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Cudgen life tied to the land

Ross and Frank Julius are hard working produce farmers from Cudgen.
Ross and Frank Julius are hard working produce farmers from Cudgen.

"MORE than meets the eye" is one way to describe the little village of Cudgen.

Cudgen is the Aboriginal word for the red ochre used in body decoration on ceremonial occasions.

Used as a trade item throughout Australia by indigenous peoples, the word comes from the Bandjalung-Yugambeh dialect.

Although Cedar felling was the original industry brought by white settlers to the region, the rich, red volcanic soil soon proved to be perfect for crop production.

The first settlers in Cudgen were the Guifoyles who selected in 1870.

Just a little later came William warren who built the first sugar mill.

"We've been here around 120 years," said farmer Ross Julius.

"I guess in about another 20 years we'll be locals," he laughed.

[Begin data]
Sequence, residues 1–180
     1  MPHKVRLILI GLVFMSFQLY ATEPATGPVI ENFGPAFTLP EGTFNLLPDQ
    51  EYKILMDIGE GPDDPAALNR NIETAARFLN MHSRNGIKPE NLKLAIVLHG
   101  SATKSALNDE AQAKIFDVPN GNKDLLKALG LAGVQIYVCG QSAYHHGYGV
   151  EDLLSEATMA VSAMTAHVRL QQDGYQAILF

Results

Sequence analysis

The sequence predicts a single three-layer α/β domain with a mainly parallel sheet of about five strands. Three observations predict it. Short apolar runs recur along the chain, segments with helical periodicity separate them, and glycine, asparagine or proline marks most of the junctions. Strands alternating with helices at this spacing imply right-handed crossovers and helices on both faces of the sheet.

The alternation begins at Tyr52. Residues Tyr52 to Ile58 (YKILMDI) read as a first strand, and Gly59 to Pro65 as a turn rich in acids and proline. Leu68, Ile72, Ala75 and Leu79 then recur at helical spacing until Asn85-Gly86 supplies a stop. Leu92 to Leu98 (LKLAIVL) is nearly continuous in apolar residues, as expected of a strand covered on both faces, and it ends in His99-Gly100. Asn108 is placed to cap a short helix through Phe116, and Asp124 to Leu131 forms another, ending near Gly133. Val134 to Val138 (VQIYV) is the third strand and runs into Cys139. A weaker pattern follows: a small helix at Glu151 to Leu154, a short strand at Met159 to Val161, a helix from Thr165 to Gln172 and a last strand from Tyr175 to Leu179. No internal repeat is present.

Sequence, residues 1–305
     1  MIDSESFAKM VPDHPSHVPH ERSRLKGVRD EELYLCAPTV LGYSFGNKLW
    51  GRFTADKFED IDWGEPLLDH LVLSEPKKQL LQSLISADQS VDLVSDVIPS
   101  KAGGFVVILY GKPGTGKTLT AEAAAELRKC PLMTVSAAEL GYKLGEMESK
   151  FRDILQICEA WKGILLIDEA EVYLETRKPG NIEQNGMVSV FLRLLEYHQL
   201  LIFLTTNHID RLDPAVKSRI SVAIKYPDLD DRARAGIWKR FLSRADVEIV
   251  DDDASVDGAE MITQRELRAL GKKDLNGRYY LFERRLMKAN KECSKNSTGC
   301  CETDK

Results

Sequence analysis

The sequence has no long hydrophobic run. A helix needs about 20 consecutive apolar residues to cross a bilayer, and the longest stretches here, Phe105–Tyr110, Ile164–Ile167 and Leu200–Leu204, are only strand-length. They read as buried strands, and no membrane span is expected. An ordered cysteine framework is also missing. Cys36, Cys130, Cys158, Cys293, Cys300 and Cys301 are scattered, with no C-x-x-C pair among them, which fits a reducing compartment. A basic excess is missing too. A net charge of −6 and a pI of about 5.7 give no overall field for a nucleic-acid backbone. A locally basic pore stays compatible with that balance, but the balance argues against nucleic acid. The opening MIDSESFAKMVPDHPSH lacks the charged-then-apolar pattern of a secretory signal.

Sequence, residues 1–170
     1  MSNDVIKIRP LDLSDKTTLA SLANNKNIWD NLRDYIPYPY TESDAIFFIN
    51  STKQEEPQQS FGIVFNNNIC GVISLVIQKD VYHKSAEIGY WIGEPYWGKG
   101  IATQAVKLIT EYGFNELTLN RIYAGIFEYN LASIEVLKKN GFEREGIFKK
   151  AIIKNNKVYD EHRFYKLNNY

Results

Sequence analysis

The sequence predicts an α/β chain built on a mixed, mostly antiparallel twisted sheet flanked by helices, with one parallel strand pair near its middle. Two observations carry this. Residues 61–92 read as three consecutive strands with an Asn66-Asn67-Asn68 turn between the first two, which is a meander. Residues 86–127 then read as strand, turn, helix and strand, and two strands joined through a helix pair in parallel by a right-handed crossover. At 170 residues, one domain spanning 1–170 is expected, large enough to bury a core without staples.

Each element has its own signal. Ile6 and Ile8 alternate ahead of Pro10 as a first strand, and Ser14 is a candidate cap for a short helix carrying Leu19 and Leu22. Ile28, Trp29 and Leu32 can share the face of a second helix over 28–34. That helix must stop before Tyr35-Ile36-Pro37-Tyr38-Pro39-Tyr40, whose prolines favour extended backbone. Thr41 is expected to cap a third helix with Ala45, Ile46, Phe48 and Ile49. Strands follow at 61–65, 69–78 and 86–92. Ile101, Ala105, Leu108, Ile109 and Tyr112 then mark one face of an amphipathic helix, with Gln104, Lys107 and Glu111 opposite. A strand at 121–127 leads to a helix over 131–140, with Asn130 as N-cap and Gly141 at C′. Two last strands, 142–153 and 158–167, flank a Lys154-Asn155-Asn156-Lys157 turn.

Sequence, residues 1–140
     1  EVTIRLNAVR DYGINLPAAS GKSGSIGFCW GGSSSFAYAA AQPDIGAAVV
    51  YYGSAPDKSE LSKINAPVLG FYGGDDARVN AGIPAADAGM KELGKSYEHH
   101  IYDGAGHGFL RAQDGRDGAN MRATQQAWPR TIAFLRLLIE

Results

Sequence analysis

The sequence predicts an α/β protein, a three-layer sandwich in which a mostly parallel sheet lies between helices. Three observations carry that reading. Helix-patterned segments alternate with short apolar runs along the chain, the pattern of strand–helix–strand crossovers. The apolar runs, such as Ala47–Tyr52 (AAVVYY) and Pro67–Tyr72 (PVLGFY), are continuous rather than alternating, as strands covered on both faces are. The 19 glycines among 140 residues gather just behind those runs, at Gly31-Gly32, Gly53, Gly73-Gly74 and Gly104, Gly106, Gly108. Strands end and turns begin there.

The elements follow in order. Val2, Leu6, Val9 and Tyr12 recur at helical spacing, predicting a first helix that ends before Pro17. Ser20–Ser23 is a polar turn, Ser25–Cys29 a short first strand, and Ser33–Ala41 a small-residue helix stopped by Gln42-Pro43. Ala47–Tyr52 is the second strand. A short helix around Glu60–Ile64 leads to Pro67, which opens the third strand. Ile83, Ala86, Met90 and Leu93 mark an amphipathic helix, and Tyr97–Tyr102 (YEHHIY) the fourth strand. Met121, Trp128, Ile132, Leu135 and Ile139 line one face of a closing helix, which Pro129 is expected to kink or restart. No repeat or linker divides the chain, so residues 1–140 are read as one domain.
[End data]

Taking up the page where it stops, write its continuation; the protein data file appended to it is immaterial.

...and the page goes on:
Ross and Frank Julius are hard working farmers, growing and selling everything from avocados through to sweet potato, pumpkins and sweet corn.

"We're the biggest pumpkin growers in Cudgen," Frank said.

Over the years the family has grown sugar cane and bananas and has run Jersey cattle.

"You can grow anything in this soil, as long as you've got the water," Ross said.

"It's a great life here in Cudgen.

"I love the place.

"The lifestyle on the land is brilliant."

A hundred years ago, the now sleepy village of Cudgen was the busiest place on the Tweed River.

Over 500 men were employed at a sugar mill built in the 1880's and the Tweeds first church, St Marks was built in 1882.

Memorial Lane, an avenue of pines and fig trees, has each one named in memory of a soldier who did not return from war.

Anzac services are held each year at the cenotaph made from the bricks of the original school and dedicated to the Cudgen veterans.

Topics:  community cudgen farming land



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